A new survey by the Financial Times has revealed that the tech sector is being hit hard by the forthcoming European Union General Data Regulations that are due to come into force on May 25, 2018.

As part of the survey, the Financial Times contacted 20 of the largest tech companies with EU operations (including social media, fintech, software and internet companies) and asked them about how they are getting on with compliance with the new General Data Protection Regulations.

Facebook  said that initial compliance with GDPR will cost in the region of several million dollars, with other companies saying that they faced costs such as having to hire extra staff and consultants to implement changes to make sure that they are compliant with new rules such as ensuring customers can delete information. For such big companies such as Facebook, although these costs are relatively minor in the grand scheme of things, GDPR could still end up being one of the most expensive piece of legislation ever to hit the sector.

“We have now assembled the largest cross-functional team in the history of the Facebook family of companies,” a spokesperson for Facebook said. “Dozens of people at Facebook Ireland are working full time on this effort. “Facebook Ireland’s data protection team will be growing by 250 per cent this year in order to support the GDPR . . . It is hard for us to put an exact figure on it, but when you take into account the time spent by our existing teams, the research and legal assessments and the fact that we have had to pull in teams from product and engineering, it is likely to be millions of dollars.”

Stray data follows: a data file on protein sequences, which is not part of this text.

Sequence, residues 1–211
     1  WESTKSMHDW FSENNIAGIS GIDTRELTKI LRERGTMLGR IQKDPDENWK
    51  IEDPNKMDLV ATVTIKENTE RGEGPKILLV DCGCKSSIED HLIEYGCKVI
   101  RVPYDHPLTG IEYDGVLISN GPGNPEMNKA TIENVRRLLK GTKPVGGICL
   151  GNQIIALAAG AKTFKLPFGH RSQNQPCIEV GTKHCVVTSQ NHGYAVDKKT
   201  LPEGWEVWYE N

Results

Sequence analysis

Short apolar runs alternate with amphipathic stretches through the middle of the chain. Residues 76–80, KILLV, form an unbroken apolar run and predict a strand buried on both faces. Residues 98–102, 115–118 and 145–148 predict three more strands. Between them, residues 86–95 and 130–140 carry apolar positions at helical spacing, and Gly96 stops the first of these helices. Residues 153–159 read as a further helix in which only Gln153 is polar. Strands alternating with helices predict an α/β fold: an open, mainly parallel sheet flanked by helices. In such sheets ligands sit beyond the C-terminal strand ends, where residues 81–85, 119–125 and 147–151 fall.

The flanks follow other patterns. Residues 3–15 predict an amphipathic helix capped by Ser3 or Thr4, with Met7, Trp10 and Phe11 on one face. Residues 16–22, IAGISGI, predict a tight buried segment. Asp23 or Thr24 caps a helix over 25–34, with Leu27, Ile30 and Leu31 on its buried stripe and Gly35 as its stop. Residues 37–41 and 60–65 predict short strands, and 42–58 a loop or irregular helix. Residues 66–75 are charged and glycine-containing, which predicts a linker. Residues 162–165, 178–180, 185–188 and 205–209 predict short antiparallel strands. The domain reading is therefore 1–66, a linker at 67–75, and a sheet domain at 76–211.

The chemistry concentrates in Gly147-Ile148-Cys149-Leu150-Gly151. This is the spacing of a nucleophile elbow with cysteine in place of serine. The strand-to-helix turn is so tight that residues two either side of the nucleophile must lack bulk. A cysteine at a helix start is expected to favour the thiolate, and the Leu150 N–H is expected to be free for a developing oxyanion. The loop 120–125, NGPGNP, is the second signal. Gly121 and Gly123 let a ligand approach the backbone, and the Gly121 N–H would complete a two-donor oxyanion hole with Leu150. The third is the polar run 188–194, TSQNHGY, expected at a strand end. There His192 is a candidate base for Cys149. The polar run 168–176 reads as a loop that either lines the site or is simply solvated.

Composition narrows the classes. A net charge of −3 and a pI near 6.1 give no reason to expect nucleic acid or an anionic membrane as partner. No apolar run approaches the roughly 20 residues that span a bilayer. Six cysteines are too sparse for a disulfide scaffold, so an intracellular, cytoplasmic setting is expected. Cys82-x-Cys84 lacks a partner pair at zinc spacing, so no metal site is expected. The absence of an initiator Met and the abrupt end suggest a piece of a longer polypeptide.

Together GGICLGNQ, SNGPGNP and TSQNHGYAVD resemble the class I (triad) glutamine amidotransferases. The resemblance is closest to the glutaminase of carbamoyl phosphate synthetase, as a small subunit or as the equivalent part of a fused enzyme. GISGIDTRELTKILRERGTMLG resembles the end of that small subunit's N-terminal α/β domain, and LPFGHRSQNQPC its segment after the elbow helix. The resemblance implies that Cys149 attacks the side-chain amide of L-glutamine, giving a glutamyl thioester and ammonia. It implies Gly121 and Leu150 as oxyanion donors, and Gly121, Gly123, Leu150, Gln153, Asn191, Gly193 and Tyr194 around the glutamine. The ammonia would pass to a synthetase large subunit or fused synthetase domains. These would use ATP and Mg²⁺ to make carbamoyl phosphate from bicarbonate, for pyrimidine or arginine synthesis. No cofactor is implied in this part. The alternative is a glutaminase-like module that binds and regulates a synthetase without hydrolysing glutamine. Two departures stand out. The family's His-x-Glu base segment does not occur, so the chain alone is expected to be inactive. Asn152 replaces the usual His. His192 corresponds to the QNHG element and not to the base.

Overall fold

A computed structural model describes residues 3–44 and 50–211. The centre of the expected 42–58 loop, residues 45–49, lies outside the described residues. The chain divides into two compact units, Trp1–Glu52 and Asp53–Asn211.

Many of these companies rely on monetised data, but the GDPR will radically change how this data can be collected, stored and deleted says Paul Jordan, European managing director at the International Association of Privacy Professionals. “Consumers are becoming increasingly sophisticated and wary of their privacy rights. At the heart of GDPR is consumer protection.”

Cloud companies will be particularly hit hard by the need to comply with the new European Union General Data Protection Regulations according to Duncan Brown, associate vice-president of European security at IDC. This is because until now, customer data has largely been the responsibility of data controllers (those that collect the info) rather than the data processors (those that service it).

“Cloud providers are severely impacted by this, because they are processing data for customers, whether they know it or not,” he said. “Until now, the nature of many cloud providers has been that they don’t want to know what data they have.”

Those companies that don’t comply with GDPR by May 25 2018 could see themselves being subject to some very large fines. Lesser incidents of non-compliance can be subject to a maximum fine of either €10 million (£7.9 million) or 2 per cent of an organisation’s global turnover (whichever is greater). More serious violations could result in fines of up to €20 million or 4 per cent of turnover (whichever is greater).